Workers protest at Fiat in Pomigliano

To stop the spread of the virus, all unnecessary work must be stopped. Air, rail, sea and road transport, unless essential, must now stop. Faced with the seriousness of the situation, with a national health system that is in danger of collapsing, dragging hundreds of lives with it, we must immediately stop production, just to make profits, and close unnecessary public offices, factories and companies. This is the only sensible decision to take at this time.

At the same time, special quarantine payments must be introduced immediately to ensure that the millions of workers who will lose pay due to the pandemic do not risk starvation. The use of the Extraordinary Supplementary Benefits Fund should be made available immediately to all workers in all sectors, whatever type of contract they have and regardless of the number of hours worked. Pay supplements should be provided to all those workers in precarious jobs, for example, in tourism and catering, who were working before the epidemic without proper contracts or with zero hour contracts, especially when they will have more difficulty finding work in the future.

As of Wednesday evening, with more than 12,000 confirmed cases, a figure that is certainly much lower than that of reality, the test for the disease should be provided for the whole population, starting with those at most risk. Swabs should not be used just for the most serious cases, when the symptoms of the disease are already evident and the infection has already been spread. Virus carriers can be asymptomatic and the incubation period can last up to twenty days. It is therefore necessary to monitor the entire resident population in order to map the infected population so that it can be properly isolated, treated and assisted not only medically, but also provided with food and other necessary products!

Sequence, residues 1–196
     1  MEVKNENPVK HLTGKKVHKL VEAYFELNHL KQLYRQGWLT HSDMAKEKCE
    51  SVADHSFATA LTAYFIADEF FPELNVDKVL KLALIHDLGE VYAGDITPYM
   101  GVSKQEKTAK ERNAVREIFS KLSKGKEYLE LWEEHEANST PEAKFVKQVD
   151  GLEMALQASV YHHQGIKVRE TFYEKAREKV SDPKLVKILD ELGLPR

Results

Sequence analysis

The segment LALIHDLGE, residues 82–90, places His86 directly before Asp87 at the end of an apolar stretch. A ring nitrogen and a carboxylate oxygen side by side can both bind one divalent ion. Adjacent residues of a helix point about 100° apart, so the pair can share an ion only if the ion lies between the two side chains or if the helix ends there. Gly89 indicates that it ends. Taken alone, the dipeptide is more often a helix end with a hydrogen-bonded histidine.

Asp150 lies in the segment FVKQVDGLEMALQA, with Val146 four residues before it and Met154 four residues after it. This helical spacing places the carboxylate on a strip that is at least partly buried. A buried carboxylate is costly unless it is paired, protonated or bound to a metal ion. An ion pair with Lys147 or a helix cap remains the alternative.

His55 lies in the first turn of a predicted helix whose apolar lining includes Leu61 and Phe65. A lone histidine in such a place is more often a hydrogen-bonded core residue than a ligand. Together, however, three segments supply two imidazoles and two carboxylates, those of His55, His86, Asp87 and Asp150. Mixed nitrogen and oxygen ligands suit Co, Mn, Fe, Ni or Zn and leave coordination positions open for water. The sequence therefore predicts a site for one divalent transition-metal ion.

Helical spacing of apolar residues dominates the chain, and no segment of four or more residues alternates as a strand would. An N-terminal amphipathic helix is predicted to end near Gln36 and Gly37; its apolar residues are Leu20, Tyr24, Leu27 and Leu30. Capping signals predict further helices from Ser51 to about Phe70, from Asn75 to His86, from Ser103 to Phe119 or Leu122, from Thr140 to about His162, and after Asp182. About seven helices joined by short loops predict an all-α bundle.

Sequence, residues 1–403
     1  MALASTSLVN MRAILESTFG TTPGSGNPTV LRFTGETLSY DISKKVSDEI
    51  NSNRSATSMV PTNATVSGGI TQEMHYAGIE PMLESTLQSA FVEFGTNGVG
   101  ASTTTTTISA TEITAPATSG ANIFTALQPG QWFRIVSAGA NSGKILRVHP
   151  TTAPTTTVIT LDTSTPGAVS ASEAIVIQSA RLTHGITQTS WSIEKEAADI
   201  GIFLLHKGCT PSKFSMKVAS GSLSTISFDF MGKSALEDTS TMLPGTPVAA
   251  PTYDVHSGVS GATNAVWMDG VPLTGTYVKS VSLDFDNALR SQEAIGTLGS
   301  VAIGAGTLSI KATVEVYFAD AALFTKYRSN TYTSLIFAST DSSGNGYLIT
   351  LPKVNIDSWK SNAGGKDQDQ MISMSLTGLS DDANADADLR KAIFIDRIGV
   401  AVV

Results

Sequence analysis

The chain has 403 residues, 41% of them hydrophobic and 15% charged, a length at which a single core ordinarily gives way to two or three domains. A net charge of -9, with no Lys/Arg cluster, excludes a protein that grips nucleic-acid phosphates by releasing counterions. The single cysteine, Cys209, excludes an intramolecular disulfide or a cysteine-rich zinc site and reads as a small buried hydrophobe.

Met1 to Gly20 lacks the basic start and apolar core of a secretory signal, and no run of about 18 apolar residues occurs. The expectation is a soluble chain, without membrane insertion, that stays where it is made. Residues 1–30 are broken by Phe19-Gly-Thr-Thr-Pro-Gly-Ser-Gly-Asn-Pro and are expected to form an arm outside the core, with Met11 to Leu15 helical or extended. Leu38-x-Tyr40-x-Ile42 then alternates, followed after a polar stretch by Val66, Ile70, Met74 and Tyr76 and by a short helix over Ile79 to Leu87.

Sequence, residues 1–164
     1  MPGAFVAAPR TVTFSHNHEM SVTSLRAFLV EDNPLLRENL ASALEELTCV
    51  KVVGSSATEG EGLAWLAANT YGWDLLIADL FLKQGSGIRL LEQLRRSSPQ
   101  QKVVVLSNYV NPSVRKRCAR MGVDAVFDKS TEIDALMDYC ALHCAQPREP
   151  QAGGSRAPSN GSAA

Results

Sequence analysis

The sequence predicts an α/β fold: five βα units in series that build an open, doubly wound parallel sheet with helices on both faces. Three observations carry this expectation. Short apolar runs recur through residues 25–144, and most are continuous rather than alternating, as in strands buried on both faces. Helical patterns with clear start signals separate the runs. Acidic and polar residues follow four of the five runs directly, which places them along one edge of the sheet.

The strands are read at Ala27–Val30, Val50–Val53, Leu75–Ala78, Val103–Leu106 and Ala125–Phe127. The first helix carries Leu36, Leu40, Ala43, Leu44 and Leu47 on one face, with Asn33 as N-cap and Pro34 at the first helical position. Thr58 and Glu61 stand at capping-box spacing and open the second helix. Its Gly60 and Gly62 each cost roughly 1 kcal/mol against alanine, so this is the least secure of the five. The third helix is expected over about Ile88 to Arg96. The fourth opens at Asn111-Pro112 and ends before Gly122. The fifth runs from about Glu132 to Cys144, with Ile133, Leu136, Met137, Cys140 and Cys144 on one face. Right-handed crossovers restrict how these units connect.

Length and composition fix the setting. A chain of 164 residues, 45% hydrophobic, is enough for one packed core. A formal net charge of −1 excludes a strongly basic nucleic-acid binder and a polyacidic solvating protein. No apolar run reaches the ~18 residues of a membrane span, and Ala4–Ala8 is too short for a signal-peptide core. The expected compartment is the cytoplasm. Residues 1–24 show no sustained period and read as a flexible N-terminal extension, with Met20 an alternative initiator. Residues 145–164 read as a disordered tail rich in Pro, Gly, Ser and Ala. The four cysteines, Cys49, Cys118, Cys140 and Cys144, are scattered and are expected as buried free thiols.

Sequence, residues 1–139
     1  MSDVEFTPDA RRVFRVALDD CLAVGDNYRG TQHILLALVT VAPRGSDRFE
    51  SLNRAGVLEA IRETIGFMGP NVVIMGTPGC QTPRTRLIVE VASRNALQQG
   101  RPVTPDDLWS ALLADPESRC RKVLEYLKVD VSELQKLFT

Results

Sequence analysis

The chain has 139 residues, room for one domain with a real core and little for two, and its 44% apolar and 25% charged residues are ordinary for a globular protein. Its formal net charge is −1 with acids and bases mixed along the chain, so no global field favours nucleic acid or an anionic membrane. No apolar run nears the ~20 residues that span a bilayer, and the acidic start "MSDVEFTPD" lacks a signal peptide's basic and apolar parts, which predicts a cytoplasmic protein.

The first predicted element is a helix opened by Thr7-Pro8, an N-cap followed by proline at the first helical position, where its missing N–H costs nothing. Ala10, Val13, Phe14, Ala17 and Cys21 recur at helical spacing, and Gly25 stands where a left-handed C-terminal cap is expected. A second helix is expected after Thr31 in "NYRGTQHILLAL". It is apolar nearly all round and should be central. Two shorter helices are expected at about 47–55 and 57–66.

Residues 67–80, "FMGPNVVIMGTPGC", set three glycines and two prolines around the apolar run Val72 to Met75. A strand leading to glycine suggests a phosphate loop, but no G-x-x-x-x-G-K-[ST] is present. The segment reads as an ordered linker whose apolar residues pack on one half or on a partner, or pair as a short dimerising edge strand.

This serious crisis in which many of us are at risk of losing our jobs, economic stability and, in some cases, even our lives, with already over a thousand deaths in Italy alone, must be tackled in a decisive and transparent way, with the involvement of trade unions and the wider population in decision making.

Today the National Health Service should be provided with all the necessary resources to allow our heroic doctors, nurses and auxiliary staff to lead this hard battle against this treacherous invisible enemy. Not a hospital bed, not a syringe, not a single medicine must be diverted from use to ensure the health and treatment of people. Private medical facilities must be requisitioned immediately! Private clinics and treatment centres should be immediately integrated into the NHS and staff working in them guaranteed the same conditions as those working in the state system.